Reconstruction Animations FAQs: What is Image Based 3D Reconstruction?
When you want to truly explain to your audience what happened, you need to show them not just tell them. This is the basis of all things relating to professional reconstruction animations. This is what we do best!
For the last twenty years, the experts at the Evidence Room have developed ways to show your audience what is truly going on “behind the scenes” of the human body. This includes printed strategic exhibits, animations, storyboards, timelines, day in the life videos, legal photography, video services, interactive presentations, and more. These reconstruction animations are what makes it possible to visualize the key pieces of the puzzle for the students, judge, jury, or any other group of people in order for them to see the big picture!
What is Image Based 3D Reconstruction?
In computer vision and computer graphics, 3D reconstruction is the process of capturing the shape and appearance of real objects. This process is done either by active or passive methods. If the 3D model in question must change its shape in time, this is referred to as non-rigid or “spatio-temporal reconstruction.” Our reconstruction animations take this concept to the next level.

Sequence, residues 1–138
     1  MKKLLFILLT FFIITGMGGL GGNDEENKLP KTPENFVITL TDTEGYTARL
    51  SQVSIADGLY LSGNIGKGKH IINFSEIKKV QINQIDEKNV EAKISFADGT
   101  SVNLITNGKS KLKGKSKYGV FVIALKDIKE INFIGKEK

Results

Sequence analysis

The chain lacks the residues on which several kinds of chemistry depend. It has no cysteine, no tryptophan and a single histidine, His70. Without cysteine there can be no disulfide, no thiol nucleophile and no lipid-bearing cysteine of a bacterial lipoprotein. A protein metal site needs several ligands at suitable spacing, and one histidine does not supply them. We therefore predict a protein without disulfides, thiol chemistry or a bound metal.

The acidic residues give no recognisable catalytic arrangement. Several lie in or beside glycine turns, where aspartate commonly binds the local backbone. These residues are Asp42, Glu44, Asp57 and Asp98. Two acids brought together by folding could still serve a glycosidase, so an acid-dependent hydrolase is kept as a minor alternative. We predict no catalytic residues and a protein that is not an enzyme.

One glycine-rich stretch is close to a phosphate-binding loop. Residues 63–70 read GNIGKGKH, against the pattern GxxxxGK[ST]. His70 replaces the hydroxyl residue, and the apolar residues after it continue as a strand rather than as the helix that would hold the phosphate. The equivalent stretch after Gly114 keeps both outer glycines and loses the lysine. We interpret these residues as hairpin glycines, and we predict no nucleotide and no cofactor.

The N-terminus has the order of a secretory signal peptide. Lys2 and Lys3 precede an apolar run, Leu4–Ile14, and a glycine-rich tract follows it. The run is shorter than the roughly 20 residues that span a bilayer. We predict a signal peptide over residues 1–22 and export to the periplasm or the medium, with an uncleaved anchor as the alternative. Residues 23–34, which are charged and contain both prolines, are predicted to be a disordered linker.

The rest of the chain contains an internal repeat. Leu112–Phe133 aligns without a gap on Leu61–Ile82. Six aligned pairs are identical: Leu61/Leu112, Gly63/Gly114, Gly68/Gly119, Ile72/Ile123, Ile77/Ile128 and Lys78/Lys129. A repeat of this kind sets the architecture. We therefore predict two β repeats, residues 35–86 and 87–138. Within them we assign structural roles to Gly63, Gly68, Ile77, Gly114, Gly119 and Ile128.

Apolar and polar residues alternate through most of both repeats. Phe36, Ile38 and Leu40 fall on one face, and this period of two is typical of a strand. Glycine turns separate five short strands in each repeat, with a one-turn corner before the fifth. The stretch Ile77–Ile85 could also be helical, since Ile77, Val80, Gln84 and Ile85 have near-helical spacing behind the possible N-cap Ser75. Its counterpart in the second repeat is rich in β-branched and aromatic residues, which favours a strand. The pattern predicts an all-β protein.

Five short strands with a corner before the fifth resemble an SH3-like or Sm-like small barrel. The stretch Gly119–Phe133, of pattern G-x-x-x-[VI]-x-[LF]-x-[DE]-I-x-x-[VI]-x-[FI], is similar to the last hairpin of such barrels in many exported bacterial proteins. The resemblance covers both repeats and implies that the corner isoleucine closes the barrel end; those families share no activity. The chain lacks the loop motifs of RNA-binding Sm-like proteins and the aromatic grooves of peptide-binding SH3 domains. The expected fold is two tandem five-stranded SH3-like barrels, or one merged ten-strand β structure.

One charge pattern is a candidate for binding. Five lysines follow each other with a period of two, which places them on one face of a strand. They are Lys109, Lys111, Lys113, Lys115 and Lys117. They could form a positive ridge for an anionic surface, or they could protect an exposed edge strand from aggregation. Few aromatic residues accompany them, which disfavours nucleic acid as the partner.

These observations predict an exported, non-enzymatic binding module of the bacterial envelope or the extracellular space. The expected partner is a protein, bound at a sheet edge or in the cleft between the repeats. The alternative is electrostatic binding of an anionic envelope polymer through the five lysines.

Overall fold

The goal of image based 3D reconstruction is to infer the geometrical structure of a scene captured by a collection of images. Even still photographs only do so much to convince and explain the scenario to an audience. This is particularly true if your audience is of laypeople who don’t have legal or medical backgrounds, like in the case of a jury in a personal injury trial. In an instance of image based 3D reconstruction, our team takes several images (as many as possible) and uses them to create a 3D model.
Most often, we try to have as many images to build our 3D representation from as possible. The estimation of 3D geometry from a single image is considerably more difficult, since depth cannot be estimated and certain viewpoints may change the entire scene.
As you may have guessed, there is a lot of complicated science and mathematics behind how this process works. We could tell you that in passive methods of 3D reconstruction, we do not interfere with the reconstructed object; we only use a sensor to measure the radiance reflected or emitted by the object’s surface to infer its 3D structure through image understanding. Probably what would be much more helpful is to instead tell you how and when these reconstruction animations are helpful.
Our professional surgical and medical animations are illustrated by experts and used in many situations where people suffer injury or death. Just a few examples include:
Nursing home abuse
Other travel-related accidents
They can also be used for any other accidental injury or death. In essence, these animations turn the photos of the crime scene or images of a body post mortem into a much easier visual for your audience to comprehend.